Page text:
Climate Change May Spark Global 'Fish Wars'

Jun 19, 2018, 09:30 PM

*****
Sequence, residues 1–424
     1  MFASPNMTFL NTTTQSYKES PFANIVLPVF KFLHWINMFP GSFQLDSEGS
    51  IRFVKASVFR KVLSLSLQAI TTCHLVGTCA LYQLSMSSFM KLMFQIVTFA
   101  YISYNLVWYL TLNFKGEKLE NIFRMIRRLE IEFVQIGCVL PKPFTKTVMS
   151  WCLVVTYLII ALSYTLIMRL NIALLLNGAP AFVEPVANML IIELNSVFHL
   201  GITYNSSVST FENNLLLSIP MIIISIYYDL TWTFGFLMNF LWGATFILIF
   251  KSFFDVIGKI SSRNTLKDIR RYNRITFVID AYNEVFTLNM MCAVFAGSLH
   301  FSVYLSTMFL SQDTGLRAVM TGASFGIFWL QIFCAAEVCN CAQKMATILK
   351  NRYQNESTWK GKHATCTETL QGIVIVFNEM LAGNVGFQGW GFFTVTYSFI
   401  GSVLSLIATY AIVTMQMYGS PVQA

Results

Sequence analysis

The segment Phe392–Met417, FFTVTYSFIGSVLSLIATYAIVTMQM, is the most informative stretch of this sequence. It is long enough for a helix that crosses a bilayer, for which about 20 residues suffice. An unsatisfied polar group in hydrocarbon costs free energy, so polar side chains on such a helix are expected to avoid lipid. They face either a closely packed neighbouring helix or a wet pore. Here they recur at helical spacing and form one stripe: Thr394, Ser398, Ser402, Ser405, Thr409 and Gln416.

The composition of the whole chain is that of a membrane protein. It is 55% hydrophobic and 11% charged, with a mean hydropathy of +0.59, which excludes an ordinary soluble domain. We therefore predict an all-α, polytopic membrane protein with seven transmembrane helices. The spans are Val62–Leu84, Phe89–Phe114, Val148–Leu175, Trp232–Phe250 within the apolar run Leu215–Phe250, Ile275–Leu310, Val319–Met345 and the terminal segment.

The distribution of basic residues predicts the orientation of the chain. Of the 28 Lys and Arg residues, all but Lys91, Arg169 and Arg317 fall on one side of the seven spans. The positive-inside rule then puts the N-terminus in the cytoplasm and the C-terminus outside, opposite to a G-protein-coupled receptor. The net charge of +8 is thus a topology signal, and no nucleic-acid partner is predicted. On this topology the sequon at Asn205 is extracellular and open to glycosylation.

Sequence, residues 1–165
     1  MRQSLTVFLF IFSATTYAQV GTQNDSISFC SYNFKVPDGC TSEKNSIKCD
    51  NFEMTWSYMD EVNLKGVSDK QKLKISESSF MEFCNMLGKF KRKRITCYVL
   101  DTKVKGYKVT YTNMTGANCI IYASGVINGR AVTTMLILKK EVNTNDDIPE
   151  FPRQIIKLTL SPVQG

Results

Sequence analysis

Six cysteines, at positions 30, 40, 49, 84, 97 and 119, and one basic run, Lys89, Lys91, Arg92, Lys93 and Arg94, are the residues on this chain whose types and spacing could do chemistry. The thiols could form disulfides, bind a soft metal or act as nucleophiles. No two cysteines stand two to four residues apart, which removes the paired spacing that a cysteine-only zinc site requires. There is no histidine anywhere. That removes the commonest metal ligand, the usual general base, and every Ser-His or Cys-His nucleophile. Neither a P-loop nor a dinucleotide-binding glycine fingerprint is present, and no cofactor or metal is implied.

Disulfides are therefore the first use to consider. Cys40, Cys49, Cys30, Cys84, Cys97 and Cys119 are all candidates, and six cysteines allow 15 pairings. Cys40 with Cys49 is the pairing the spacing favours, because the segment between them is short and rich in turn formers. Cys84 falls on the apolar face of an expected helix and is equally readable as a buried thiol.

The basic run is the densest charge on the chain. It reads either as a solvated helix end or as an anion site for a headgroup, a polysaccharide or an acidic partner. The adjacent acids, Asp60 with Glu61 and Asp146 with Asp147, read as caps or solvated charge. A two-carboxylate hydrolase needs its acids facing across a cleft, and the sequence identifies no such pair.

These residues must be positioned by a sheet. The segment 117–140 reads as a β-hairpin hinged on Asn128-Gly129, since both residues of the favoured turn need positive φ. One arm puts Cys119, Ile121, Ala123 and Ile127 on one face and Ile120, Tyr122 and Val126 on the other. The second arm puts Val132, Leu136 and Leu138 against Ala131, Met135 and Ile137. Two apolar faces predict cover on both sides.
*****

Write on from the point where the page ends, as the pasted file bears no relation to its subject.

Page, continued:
ATLANTIC MACKEREL, A fatty schooling fish, for years has been caught by fleets in parts of Europe and sold around the world—where it gets pickled, grilled, smoked, and fried. It is among the United Kingdom's key exports. But a decade ago, warming temperatures began driving this popular fish north, into seas controlled by Iceland. Almost overnight, this seafood gold began shredding relations between some of the world's most stable governments. It led to unsustainable fishing, trade embargoes, and boat blockades. It even helped convince Iceland to drop its bid to join the EU. And that was among friendly nations. Welcome to the climate-change food threat you may not have considered. In many parts of the world overfishing is already draining the ocean of important sea life. But a paper published today in the journal Science suggests potentially explosive ocean fish wars are likely to simmer across the world as warming temperatures drive commercial fish species poleward into territories controlled by other nations, setting up conflicts with sometimes hostile neighbors that are suddenly forced to share. That could lead to far fewer fish, economic declines and, in some areas, serious threats to food security. "I've got a 3-year-old son, and sometimes it seems like he's better at sharing than countries are with fisheries," says lead author Malin Pinsky, an assistant professor of biology at Rutgers University in New Jersey. In parts of the world conflicts over ocean fishing are "already rampant. It's been brewing under the surface," says Jessica Spijkers, a sustainability researcher with the Stockholm Resilience Center and co-author of the study. "People have died at sea because fishing boats are out where other boat operators didn't think they should be." Warming waters threaten to make that worse, the authors say. Dozens of countries, thanks to climate change, can expect to see entirely new fisheries develop by mid-century, the new study suggests, with that number jumping to 70 or more nations by century's end. By then, many countries could draw nearly a third or more of their national catch from fish stocks that didn't exist in their waters just a few decades earlier. In parts of the world where governments are volatile and protein from the sea is essential, this is likely to set up conflicts that could escalate into violence or actual wars that threaten national sovereignty. In parts of East Asia, where international relations already are fraught because of disputed maritime boundaries and illegal fishing, scientists predict some countries could see 10 major new fisheries for species or stocks once exclusively managed by other countries. Most countries control fishing or have agreements to share rights within a 200-mile exclusive economic zone around their coasts. But fish, of course, don't care about political boundaries, and when they cross borders tempers can run hot. In the 1990s, after agreements to share West Coast fish collapsed, the United States and Canada faced a standoff over salmon. Canada accused Americans of overfishing and seized boats fishing in Canadian waters. The governor of Alaska accused its neighbor of resorting to "gunboat diplomacy." Canada, in turn, threatened to overfish its own rivers to keep American boats from nabbing the harvest. New England saw similar battles between the two countries over lobster. But now climate change has hundreds of species around the world moving toward the poles in search of colder waters, sometimes by hundreds of miles. And fishing rules and regulations simply cannot keep up. Longline catches of blueline tilefish, a lean and meaty species common in the southeast U.S., had been managed for years by federal regulators with rules that stretched only as far north as Cape Hatteras, North Carolina. But a few years ago, officials with the National Marine Fisheries Service were alarmed to discover the tilefish were being caught in mass as far north as Long Island—where there were n...